Time Domain Reflectometry (TDR) is a remote-sensing electrical measurement technique that has been used for many years to determine the spatial location and nature of various objects. A coaxial cable is placed in the ground, and pulses are sent down the cable. When an earthquake or structural fault damages the cable, the readings on monitoring equipment attached to the cable will alert users to compromised structural integrity.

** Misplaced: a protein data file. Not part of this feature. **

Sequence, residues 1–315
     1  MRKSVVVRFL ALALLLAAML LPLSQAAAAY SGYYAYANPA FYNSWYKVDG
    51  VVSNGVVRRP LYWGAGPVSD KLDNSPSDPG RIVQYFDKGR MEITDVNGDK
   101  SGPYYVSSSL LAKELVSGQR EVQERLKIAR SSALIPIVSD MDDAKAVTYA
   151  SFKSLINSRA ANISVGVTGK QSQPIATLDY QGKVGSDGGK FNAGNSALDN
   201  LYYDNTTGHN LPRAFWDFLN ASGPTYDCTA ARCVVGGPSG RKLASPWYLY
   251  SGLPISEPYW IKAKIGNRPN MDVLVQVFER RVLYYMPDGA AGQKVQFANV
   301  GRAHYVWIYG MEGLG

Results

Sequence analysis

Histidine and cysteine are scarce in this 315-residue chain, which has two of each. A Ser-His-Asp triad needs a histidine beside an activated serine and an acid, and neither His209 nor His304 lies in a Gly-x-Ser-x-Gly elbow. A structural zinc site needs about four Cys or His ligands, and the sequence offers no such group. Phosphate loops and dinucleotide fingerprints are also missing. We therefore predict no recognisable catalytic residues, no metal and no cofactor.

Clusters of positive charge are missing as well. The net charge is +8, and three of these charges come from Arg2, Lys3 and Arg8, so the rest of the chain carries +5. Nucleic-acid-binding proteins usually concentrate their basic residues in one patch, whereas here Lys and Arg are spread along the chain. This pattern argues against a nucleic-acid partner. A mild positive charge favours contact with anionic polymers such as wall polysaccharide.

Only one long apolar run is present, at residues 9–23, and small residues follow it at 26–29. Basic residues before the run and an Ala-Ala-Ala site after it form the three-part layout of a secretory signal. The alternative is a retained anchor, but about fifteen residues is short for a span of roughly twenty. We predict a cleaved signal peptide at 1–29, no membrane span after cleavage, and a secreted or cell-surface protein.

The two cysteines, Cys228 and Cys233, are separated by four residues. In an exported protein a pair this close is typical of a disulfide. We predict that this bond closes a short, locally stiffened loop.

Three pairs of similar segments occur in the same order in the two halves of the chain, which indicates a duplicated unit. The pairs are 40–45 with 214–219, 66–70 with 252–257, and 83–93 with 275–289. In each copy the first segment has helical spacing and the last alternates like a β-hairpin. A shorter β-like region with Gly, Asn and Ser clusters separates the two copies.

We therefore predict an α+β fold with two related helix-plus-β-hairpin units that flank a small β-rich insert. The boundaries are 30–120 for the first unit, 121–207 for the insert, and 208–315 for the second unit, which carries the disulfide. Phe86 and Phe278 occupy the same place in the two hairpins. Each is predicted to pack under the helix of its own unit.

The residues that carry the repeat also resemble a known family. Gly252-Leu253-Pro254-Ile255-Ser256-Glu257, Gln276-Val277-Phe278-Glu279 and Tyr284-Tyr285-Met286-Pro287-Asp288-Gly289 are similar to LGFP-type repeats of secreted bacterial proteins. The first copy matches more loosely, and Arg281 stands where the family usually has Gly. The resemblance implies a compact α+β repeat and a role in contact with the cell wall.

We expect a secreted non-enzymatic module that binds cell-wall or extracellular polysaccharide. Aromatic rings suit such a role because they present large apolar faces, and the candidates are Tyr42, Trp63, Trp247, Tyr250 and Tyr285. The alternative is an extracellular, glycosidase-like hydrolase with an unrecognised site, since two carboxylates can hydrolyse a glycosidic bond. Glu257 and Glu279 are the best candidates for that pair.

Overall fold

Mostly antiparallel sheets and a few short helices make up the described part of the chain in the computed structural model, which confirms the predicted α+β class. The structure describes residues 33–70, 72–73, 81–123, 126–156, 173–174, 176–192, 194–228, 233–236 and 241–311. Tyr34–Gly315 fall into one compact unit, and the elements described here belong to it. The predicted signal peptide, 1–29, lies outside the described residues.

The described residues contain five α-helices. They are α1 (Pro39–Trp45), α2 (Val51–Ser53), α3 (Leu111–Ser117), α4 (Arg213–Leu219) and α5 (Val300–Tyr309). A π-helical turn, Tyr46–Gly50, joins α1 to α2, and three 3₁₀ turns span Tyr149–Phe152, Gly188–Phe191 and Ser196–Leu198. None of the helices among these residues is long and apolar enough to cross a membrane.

An early form of TDR, dating from the 1930s, which most people are familiar with is radar. Radar consists of a radio transmitter, which emits a short pulse of microwave energy, a directional antenna and a sensitive radio receiver. After the transmitter has radiated the pulse, the receiver then listens for an echo to return from a distant object. By measuring the time from the transmission of the pulse until the echo returns and knowing the speed of light, the distance to the reflecting object is calculated. Detailed analysis of the echo can reveal additional details of the reflecting object. Researchers soon recognized that there was a significant relationship between the dielectric properties of soil, rock and other materials and their moisture contents.
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